How Our Nation’s Academic Report Card Impacts the U.S. Workforce

A few days ago, the National Assessment of Educational Progress (NAEP) released its “The Nation’s Report Card: Grade 12 Reading and Mathematics 2009 National and Pilot State Results.” The Nation’s Report Card highlights the academic achievement of students in the United States.

Finding: One in 4 High School Seniors Can’t Read at Basic Level

The good news is that scores did not go down. However, and this is alarming, there is not much to get too excited about. As Arne Duncan, the U.S. Secretary of Education aptly stated, “Today’s report suggests that high school seniors’ achievement in reading and math isn’t rising fast enough to prepare them to succeed in college and careers.”

Indeed, while the overall reading scores were slightly up, it is still four points lower than what it was in 1992. Likewise, math scores were also up but not by much. As the ABC article (Claiborne, 2010) highlighted, only 38% of 12th graders were proficient in reading and 26 percent were proficient in math.

According to the report, 62% of students plan on attending a four-year college or university after they graduate from high school. What’s troubling is the discrepancy between what students want to do compared to where they’re currently at. “The data indicates many of those students aren’t even performing at the high school level, much less prepared to go to college” (Claiborne, 2010).

What’s more, previous research has found that students typically read less often while in school versus workers on the job, that students are less competent readers, face materials that are easier, and use strategies that may be less effective than employees in the workplace (Mikulecky, 1982).

In “The ILL-Prepared U.S. Workforce,” employers were asked to rate how prepared they believed new workers coming into their organizations were, more than one-third of the 217 employer respondents (33.9%) reported that their newly hired high school graduates are deficiently prepared.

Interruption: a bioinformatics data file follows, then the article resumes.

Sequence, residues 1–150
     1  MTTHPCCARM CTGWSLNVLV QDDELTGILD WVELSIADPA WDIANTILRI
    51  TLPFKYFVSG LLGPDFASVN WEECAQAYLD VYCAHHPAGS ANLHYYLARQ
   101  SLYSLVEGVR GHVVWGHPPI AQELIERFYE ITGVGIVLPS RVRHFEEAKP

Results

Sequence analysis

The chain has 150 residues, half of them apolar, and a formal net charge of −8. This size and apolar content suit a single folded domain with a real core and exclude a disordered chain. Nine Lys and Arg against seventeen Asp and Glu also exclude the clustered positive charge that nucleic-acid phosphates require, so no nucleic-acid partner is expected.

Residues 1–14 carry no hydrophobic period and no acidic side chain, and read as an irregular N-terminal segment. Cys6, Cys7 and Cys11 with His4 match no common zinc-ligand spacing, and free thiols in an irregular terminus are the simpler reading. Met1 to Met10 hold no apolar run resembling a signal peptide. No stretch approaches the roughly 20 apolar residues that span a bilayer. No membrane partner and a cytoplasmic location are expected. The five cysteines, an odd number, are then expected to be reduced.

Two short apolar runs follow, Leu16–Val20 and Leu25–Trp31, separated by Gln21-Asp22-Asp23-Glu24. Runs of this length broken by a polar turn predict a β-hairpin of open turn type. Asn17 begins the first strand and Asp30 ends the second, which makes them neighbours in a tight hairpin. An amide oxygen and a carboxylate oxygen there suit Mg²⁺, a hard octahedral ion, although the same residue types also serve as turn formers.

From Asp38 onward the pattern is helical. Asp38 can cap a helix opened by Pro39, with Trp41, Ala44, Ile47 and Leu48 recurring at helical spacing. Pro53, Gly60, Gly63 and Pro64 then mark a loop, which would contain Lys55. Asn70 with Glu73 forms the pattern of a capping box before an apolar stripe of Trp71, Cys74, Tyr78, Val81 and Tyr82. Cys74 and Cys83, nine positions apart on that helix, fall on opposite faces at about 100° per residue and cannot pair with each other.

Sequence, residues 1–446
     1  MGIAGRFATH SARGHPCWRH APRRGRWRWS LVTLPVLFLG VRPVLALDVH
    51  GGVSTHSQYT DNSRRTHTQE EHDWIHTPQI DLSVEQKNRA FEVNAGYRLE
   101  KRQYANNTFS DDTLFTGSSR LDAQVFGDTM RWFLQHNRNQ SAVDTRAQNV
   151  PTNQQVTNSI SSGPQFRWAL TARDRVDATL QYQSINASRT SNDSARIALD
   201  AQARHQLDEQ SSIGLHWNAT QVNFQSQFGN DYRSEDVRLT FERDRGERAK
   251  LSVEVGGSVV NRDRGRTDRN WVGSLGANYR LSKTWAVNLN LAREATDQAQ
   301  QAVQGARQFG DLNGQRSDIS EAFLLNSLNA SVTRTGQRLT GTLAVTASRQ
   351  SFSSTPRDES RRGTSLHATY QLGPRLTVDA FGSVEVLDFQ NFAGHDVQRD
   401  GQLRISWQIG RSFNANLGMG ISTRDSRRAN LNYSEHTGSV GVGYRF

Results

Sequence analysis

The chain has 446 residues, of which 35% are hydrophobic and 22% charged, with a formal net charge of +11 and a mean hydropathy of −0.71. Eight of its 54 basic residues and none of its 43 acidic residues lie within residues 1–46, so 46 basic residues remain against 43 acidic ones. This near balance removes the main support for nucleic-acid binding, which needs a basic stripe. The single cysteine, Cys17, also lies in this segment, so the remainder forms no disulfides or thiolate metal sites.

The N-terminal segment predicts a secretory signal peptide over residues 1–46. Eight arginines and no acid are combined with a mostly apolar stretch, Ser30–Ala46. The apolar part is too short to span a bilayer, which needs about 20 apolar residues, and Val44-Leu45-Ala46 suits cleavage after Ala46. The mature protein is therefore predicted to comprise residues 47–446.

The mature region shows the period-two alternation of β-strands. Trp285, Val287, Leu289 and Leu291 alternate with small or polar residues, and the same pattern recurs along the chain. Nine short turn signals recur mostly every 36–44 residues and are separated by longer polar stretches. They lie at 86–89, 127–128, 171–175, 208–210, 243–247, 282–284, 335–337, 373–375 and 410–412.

Because employers don’t generally see themselves as being responsible for the newly entrants’ work readiness, they instead depend on the educational system to take on this task. While I don’t have any quick solutions, one thing is clear – students who graduate from high school ill-equipped to enter the workforce will have a negative impact not only on their own futures but also the future of the U.S. economy.

References

Casner-Lotto, J., Rosenblum, E., & Wright, M. (2009). The ILL-Prepared U.S. Workforce: Exploring the challenges of employer-provided workforce readiness training. Retrieved from http://www.shrm.org/Research/SurveyFindings/Articles/Documents/BED-09Workforce_RR.pdf also from http://corporatevoices.org/system/files/Ill_preparedWorkforce_RR.pdf

Claiborne, R. (Nov 2010). ‘Nation’s Report Card’ Shows American Student Struggling With Reading, Math. Retrieved from http://abcnews.go.com/US/nations-report-card-shows-american-students-struggle-reading/story?id=12186446

Mikulecky, L. (1982). Job Literacy: The Relationship between School Preparation and Workplace Actuality. Reading Research Quarterly, 17(3), 400-419.

National Center for Education Statistics (2010). The Nation’s Report Card: Grade 12 Reading and Mathematics 2009 National and Pilot State Results (NCES 2011–455). National Center for Education Statistics, Institute of Education Sciences, U.S. Department of Education, Washington, D.C.

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